Read in a certain light, Sonny in "Sonny's Blues" could be seen as a tragic character. Certainly, he has no shortage of trouble and strife throughout his life, though much of it is self-inflicted. Yet, it is almost impossible to properly understand Sonny himself without some juxtaposition to and input from his unnamed brother, the narrator of the whole story. In fact, it is very telling that Sonny himself is never a direct contributor to the story; his brother tells the story entirely about Sonny. The only details of his own life given by the narrator somehow all contribute to the story of Sonny and his many trials. However, the narration and laser-focus of the brother show his concern for Sonny but mostly his regret over how he treated Sonny.
Regret over Sonny's life is ill-placed. While the story begins with Sonny's sad foray into drugs, that only remains the focus if the reader chooses not to prioritize the rest. The fact is that, despite his heroin addiction and incarceration, Sonny has proven himself to be a survivor. He made bad choices but no human being is exempt from that. Even his brother, who became a teacher and seemingly escaped his childhood in a successful manner, made bad choices. In fact, the brother is as much in prison as Sonny has been through the guilt he feels over Sonny and many aspects of their lives (Byerman 371). The guilt he feels over Sonny is a powerful show of those bad choices and the way in which different choices manifest in different emotions, consequences and areas of life.
In fact, when Sonny is brought into the present portion of the story, he seems happier and, at least in some way, more fulfilled than his outwardly successful brother. Sonny has persevered through his addiction at least in part due to his love of music. Music has consumed him and, from an early age, he has known that it is what he should do. Through it all, Sonny did not stray from that love and passion. It sustained him even when he was "at the bottom of something, stinking and sweating and crying and shaking…" (Baldwin 43). His music and his unwavering pursuit of it is what makes Sonny seem more content and fulfilled, even after his bout with drugs. Compared to his brother, he followed his dreams and saw them through. This culminates with Sonny on stage and his brother realizing what a survivor he had truly been.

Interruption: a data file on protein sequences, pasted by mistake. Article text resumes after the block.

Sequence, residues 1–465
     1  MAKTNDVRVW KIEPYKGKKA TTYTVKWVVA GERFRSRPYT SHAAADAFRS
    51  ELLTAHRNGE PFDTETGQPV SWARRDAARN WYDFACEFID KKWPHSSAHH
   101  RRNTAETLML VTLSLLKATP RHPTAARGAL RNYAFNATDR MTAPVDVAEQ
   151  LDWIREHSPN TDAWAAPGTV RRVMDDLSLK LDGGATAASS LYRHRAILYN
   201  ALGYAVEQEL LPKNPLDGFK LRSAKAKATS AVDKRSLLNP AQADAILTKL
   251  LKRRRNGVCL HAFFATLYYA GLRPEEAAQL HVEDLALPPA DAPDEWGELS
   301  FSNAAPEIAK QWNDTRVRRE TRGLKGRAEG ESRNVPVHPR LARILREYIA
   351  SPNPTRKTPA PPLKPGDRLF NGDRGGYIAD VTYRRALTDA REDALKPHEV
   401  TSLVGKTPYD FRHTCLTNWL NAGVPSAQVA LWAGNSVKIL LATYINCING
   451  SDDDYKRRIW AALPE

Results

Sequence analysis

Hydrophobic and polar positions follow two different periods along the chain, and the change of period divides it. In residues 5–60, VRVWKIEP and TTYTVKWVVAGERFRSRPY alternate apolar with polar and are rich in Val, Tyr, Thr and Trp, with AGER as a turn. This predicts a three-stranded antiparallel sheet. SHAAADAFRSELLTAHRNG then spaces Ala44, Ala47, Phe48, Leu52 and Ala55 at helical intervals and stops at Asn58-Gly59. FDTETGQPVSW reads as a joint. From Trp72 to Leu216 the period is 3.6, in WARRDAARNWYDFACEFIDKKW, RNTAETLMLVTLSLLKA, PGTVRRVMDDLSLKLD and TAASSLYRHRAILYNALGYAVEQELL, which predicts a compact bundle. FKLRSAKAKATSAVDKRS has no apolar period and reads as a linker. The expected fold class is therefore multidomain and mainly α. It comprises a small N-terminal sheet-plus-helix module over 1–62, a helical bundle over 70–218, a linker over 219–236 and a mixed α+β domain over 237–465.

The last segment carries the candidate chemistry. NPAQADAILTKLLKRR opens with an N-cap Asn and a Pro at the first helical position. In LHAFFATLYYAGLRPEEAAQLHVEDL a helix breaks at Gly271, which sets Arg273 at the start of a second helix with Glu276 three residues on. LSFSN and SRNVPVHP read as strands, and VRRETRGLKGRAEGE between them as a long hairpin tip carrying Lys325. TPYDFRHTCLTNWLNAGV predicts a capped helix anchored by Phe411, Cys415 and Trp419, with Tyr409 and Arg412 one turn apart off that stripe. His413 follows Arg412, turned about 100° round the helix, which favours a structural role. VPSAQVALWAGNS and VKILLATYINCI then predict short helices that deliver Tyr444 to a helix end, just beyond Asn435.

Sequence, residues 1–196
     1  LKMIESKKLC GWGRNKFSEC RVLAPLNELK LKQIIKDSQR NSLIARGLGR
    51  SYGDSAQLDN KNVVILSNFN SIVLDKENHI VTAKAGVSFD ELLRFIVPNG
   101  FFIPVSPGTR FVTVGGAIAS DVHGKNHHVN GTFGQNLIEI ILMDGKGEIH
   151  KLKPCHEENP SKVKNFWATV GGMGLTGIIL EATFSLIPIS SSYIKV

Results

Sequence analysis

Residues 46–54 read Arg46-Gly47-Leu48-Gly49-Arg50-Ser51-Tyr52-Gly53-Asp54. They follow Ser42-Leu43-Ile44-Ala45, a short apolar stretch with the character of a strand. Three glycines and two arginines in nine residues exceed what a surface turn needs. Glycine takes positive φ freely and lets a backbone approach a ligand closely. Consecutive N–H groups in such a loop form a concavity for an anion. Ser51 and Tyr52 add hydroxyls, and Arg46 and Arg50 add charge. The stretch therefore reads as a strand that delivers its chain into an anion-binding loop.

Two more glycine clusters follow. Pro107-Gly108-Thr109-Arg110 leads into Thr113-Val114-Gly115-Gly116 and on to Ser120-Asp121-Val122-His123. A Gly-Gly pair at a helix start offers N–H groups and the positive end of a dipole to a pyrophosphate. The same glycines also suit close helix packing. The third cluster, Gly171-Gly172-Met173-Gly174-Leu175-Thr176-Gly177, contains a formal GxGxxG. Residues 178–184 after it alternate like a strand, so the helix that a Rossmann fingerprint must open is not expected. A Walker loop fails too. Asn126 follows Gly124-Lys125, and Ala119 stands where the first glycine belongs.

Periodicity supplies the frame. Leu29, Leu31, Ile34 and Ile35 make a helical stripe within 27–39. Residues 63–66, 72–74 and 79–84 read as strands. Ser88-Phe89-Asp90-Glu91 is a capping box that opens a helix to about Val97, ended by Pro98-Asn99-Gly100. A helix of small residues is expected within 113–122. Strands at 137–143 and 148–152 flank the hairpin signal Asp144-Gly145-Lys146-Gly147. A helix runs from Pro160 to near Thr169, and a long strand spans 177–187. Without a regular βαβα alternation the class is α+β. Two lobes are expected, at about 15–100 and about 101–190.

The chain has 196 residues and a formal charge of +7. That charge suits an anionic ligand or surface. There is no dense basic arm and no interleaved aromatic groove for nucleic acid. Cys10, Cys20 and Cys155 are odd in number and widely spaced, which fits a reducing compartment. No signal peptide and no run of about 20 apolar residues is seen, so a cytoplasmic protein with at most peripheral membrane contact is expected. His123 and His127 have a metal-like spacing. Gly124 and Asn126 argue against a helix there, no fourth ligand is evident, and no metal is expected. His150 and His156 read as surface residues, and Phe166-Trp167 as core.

Sonny is also a hero because he comes through on the other side of a serious and dangerous drug addiction. The cold, hard reality of Sonny's addiction is that it could very well have killed him. Music may not have physically gotten Sonny through but his passion for it gave him the wherewithal to fight just hard enough to move past his own stink. This, in itself, gives credence to Sonny's ability to pull through and stay focused on music, the one thing that he wants to dedicate his life to. Sonny's heroism in surviving drug addiction is a testament to the importance of finding a passion and following dreams. Though "Sonny's Blues" was published in the 1950's, it can be used as an important lesson for many people facing trials even today.
The narrator was not in contact with Sonny for some time because he disapproved of Sonny's lifestyle and choices (Tackach 112). This disapproval was not only because of the drug addiction. Early in the story, a discussion between Sonny and his brother makes clear that part of the disapproval is over Sonny's music as well. Despite this disapproval and an almost utter lack of support, Sonny sticks with his dream of being a musician. "There's not really a living ass to talk to…" (Baldwin 42). Yet, in the end, Sonny is on a stage, in his element, with people treating him like "his veins bore royal blood" (Baldwin 44). This itself shows the power of following dreams and, in its own right, paints Sonny as a hero.
In the end, the two brothers are in the jazz club. Sonny is on stage, showing his passion for music and his brother is sitting in the shadows realizing how far Sonny has come. In an interesting twist, Sonny struggles to get into the music, into a rhythm of playing. This is symbolic not only of Sonny's life and his struggles but of the life of every human being. Though not everyone is addicted to heroin, everyone does have obstacles in life. Sonny shows that one way to make it through is to find a passion and pursue it fervently. Sonny survived by returning to his passion of music even when poor choices and life got in the way. Following his passion has softened him, made him insightful and reflective. The music itself represents humanity (MacParland 132). In the end, Sonny and his brother are united in part by brotherhood but also, through music, by humanity itself.
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